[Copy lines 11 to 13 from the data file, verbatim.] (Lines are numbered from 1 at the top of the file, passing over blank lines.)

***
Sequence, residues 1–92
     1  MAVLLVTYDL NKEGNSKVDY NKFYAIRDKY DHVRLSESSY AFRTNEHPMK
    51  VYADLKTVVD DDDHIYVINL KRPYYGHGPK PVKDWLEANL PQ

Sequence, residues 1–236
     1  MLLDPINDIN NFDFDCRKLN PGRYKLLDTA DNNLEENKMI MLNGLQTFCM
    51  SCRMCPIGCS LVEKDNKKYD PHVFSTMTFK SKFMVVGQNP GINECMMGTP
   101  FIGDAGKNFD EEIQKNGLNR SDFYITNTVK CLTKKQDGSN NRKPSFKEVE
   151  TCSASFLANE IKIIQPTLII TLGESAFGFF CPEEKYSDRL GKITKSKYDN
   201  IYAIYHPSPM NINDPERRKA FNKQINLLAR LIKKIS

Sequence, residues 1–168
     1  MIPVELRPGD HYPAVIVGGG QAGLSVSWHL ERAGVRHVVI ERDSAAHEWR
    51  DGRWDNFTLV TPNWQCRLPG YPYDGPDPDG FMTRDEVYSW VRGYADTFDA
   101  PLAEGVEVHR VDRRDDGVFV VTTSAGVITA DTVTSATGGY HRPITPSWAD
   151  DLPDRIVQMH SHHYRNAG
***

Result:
     1  MIPVELRPGD HYPAVIVGGG QAGLSVSWHL ERAGVRHVVI ERDSAAHEWR
    51  DGRWDNFTLV TPNWQCRLPG YPYDGPDPDG FMTRDEVYSW VRGYADTFDA
   101  PLAEGVEVHR VDRRDDGVFV VTTSAGVITA DTVTSATGGY HRPITPSWAD